Enviva Partners LP (NYSE:EVA)
Q2 2016 Earnings Conference Call
August 4, 2016 10:00 AM ET
Ray Kaszuba - Vice President & Treasurer
John Keppler - President & Chief Executive Officer
Stephen Reeves - Executive Vice President & Chief Financial Officer
John Ragozzino - Drexel Hamilton
Pavel Molchanov - Raymond James & Associates, Inc.
Poe Fratt - D.A. Davidson & Co.
Good morning, and welcome to the Enviva Partners Second Quarter Financial Results Conference Call. All participants will be in a listen-only mode. [Operator Instructions] After today’s presentation, there will be an opportunity to ask questions. [Operator Instructions] Please note this event is being recorded.
I would now like to turn the conference over to Ray Kaszuba, Vice President and Treasurer. Please go ahead.
Thank you, Waston. Good morning and welcome to Enviva Partners LP second quarter 2016 financial results conference call. We appreciate your interest in Enviva Partners and thank you for participating today.
On this morning’s call, we have John Keppler, Chairman and CEO; and Steve Reeves, Chief Financial Officer. Our agenda will be for John and Steve to discuss our financial results for the second quarter released this morning and an update on our current business outlook. We will then open the phone lines for questions.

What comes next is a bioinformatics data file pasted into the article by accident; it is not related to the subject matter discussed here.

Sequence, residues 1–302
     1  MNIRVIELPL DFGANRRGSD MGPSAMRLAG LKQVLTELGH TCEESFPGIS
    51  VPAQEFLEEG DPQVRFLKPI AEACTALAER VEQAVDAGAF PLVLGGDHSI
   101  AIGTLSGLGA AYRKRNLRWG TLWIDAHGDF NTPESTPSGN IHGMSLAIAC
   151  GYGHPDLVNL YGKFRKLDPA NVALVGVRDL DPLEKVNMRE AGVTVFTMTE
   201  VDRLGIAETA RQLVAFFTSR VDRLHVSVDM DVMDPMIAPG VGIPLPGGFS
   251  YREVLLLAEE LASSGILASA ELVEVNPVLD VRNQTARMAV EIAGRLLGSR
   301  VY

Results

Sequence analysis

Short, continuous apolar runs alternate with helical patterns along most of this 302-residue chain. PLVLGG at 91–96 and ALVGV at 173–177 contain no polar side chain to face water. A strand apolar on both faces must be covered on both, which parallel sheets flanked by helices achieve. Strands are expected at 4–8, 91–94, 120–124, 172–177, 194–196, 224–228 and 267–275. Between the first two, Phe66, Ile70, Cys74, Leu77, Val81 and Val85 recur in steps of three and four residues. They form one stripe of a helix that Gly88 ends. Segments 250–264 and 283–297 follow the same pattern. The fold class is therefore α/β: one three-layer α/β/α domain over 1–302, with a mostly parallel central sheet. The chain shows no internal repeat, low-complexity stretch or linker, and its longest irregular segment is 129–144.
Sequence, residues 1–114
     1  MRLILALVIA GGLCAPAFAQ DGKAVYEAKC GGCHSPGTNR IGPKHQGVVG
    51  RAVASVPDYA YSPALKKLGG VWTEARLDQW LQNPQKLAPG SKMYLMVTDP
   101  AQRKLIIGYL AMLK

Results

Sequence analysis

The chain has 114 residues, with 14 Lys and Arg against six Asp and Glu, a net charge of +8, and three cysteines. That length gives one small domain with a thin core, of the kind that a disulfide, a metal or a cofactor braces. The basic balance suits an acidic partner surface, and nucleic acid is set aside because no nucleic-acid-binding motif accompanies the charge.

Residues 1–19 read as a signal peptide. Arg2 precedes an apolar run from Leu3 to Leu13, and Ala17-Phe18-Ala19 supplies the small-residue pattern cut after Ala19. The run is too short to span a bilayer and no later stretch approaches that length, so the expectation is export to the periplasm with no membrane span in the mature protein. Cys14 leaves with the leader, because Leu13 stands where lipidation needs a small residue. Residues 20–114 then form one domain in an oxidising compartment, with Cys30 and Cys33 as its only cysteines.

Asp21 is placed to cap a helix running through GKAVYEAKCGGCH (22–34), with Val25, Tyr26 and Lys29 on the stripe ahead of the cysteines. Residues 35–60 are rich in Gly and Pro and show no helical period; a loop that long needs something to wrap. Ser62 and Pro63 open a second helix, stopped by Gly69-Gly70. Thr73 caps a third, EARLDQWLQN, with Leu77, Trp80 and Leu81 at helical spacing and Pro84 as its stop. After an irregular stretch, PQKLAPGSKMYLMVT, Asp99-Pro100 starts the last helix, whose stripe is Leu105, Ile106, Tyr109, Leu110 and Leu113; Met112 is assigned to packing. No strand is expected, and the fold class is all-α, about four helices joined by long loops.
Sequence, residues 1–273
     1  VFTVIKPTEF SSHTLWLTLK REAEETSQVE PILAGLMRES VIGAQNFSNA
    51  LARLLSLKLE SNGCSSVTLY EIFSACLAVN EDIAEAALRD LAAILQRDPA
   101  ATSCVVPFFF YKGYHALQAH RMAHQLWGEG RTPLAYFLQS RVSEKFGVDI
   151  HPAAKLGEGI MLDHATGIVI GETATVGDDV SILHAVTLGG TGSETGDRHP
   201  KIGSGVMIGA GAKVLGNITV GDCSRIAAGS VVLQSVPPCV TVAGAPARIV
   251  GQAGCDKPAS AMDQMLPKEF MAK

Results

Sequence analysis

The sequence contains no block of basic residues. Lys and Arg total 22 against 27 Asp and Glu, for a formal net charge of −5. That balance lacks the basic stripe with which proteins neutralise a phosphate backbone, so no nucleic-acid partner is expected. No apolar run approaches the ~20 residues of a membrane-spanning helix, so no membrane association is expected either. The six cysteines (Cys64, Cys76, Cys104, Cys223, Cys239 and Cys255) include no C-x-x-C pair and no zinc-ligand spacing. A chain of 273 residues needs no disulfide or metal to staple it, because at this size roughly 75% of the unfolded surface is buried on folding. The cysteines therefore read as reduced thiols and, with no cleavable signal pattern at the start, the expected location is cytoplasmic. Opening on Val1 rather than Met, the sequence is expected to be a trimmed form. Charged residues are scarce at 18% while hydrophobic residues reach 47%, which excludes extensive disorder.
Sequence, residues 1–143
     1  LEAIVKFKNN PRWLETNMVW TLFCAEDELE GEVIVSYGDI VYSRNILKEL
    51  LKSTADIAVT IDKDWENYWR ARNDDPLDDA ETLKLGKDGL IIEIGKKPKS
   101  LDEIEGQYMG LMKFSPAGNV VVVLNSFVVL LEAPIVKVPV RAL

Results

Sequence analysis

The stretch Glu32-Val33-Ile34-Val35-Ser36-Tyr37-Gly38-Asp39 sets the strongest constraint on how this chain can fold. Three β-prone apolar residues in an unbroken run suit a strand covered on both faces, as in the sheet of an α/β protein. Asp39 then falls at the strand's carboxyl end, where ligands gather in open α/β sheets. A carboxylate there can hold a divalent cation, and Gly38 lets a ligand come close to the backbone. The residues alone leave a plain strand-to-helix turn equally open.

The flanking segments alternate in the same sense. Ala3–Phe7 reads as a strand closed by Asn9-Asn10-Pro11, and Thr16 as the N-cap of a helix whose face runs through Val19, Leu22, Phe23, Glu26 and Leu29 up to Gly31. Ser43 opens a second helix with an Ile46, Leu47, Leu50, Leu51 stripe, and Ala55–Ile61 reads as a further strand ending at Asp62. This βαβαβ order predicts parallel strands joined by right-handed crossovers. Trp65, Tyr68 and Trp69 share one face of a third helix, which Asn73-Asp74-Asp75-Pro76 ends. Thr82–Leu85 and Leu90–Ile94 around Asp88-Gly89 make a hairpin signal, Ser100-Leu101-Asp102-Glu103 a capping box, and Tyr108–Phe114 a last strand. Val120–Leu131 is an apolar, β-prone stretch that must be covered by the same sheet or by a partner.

Before we get started, a few housekeeping items. First, please keep in mind that during the course of our remarks and subsequent Q&A session, we will be making some forward-looking statements and we will refer to certain non-GAAP measures. Our forward-looking statements or comments about future expectations are subject to a variety of business risks. Information concerning the risks and uncertainties that could cause actual results to differ materially from those in the forward-looking statements can be found in our press release issued this morning and is posted on the Investor Relations Website, section of our Website envivabiomass.com as well as our 10-K and our other recent filings with the SEC. We assume no obligation to update any forward-looking statements to reflect new or changed events or circumstances. Reconciliation of non-GAAP measures to GAAP measures also may be found in today’s press release. In addition, all references to 2015 amounts are as reported on our 10-Q filed today.
I’d now like to turn it over to John.
Thank you, Ray. Good morning, everyone, and thanks for joining us on today’s call. As you likely saw in our earnings release published this morning, our operational and financial results for the second quarter were very strong. Steve will go into more detail, but we achieved our highest ever quarterly adjusted EBITDA and the results and expectations for the remainder of the year gave us the confidence to increase our full-year guidance for adjusted EBITDA and distributable cash flow.
We also continued our track record of increasing our distribution each quarter, our fourth consecutive increase since our IPO, I might add, increasing the distribution by just under 3% this quarter. This is another significant step towards the full-year distribution guidance for 2016, of at least, $2.10 per unit. This quarter’s results demonstrate once again the stability of our contracted cash flow position.